Klubben is picturesquely located where the Rickleån river flows into the sea. Here, the Nettingforsen rapids present a spectacle that is unusual in more than one way. Few rivers have rapids or falls so close to their mouths. The rapids are also unaffected by clearance work to improve timber rafting. This is unique along the Norrland coast.
The Nettingforsen rapids
These rapids take their name from an eel-like fish, the European river lamprey, which is locally called netting. Lamprey fishing is an old tradition and is continued by the villagers of Rickleå. It is carried out using special traps at night in the late summer or autumn. Klubben is a long, narrow headland that offers ample opportunity to enjoy the rugged beauty of the Västerbotten coast. Rock outcrops, shingle fields and sandy shores can all be found here.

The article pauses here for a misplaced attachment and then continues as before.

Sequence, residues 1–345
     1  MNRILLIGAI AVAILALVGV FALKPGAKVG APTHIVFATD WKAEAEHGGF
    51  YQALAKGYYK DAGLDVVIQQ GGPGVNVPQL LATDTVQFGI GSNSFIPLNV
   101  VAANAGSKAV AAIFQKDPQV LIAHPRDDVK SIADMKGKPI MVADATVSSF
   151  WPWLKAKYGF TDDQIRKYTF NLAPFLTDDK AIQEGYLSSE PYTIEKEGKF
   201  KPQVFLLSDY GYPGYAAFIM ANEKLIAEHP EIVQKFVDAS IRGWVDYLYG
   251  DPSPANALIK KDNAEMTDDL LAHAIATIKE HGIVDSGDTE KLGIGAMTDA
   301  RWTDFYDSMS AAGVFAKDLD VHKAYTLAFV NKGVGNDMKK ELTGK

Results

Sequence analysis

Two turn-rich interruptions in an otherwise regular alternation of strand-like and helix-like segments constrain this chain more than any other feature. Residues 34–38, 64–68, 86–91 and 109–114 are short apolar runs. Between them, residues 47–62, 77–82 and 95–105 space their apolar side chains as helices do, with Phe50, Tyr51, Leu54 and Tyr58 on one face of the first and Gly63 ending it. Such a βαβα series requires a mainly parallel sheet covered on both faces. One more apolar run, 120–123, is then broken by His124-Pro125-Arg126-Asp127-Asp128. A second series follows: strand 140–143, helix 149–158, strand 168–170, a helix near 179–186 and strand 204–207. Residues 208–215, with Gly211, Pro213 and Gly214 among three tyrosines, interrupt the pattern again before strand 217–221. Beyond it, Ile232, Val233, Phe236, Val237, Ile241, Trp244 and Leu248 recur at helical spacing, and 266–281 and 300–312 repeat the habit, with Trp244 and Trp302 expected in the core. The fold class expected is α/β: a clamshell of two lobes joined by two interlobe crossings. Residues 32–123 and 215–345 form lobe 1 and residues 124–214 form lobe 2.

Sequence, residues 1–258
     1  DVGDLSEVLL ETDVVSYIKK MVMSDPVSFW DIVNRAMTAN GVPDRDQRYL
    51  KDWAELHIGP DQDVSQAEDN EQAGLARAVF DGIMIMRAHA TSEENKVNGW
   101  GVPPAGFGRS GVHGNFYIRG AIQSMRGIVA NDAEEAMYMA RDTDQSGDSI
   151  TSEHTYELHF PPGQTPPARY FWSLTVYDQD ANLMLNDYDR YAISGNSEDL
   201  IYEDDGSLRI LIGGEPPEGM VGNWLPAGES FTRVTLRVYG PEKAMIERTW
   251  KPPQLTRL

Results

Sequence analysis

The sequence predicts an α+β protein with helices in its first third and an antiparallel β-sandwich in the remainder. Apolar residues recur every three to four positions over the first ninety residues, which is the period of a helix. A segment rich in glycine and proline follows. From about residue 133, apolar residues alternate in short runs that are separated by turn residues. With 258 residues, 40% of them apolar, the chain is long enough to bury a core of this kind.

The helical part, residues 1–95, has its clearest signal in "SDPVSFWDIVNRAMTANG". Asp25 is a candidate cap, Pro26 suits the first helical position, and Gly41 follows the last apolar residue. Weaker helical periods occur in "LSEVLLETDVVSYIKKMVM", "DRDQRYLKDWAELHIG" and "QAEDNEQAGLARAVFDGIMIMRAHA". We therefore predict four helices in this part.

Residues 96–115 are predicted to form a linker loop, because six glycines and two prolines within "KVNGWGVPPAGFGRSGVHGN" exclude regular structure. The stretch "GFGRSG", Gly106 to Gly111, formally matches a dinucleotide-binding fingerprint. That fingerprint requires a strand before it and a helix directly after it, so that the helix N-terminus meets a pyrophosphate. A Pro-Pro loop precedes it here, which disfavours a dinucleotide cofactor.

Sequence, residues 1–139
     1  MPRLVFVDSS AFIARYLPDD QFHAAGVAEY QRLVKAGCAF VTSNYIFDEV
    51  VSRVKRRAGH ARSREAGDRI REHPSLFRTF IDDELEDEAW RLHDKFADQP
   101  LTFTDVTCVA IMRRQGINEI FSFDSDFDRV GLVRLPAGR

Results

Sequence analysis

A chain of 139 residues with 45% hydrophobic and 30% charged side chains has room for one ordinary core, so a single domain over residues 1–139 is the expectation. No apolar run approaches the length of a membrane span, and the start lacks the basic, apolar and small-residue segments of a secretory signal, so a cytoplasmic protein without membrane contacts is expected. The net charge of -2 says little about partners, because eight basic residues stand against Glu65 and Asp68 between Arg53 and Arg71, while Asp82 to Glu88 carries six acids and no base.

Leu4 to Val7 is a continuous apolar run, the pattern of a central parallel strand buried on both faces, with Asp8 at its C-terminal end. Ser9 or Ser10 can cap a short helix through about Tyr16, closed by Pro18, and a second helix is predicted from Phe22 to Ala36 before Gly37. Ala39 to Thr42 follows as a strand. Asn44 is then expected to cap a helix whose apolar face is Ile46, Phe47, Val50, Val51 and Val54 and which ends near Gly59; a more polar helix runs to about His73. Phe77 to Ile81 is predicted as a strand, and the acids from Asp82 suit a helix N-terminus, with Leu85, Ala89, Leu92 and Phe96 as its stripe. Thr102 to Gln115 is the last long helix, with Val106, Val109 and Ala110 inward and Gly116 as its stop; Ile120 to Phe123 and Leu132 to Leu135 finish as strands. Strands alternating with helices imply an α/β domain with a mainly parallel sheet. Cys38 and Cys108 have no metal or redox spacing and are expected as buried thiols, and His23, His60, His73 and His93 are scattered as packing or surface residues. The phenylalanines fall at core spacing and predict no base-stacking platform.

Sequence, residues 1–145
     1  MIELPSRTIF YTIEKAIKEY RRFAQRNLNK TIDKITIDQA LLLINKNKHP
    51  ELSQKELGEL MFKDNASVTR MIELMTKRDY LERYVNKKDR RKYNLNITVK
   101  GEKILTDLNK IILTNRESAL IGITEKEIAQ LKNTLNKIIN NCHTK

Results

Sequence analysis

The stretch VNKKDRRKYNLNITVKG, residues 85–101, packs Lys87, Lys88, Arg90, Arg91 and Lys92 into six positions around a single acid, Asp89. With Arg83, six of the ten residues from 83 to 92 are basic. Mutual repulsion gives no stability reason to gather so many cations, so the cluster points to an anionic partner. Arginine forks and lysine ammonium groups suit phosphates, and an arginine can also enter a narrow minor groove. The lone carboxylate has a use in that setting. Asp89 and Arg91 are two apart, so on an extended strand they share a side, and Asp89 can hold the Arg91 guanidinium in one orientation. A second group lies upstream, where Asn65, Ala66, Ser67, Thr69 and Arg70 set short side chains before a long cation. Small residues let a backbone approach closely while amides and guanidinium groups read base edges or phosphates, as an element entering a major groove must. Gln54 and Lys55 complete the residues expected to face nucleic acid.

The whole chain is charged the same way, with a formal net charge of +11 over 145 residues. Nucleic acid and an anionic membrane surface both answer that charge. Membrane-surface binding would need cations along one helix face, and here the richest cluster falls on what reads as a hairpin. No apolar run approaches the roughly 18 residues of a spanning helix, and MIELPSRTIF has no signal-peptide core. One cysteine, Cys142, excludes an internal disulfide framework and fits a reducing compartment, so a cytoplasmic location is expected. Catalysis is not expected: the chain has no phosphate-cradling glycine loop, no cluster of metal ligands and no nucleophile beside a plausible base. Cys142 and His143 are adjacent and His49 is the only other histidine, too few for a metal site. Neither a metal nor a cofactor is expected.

New land from the sea
Along the Norrland coast, new land is constantly rising from the sea as a result of “spring-back” after the disappearance of the last inland ice sheet. In Västerbotten, this glacio-isostatic uplift is nine millimetres a year. Once new land is formed, vegetation wanders in and, after a couple of hundred years, the sea bottom has become spruce forest. All stages in the formation of these natural forests (something of a speciality of the Bothnian Sea’s coasts) can be studied at Klubben.
Klubben benefits from two types of protection. It is protected as a nature reserve and under Natura 2000. Natura 2000 is a network designed to protect valuable natural phenomena for the future. It is run by EU member states. Natura 2000 initiatives are governed by two EU directives, the Birds Directive and the Species and Habitats Directive. These two directives set out various natural environments, flora and fauna that the member states have agreed are particularly conservation worthy from a European perspective.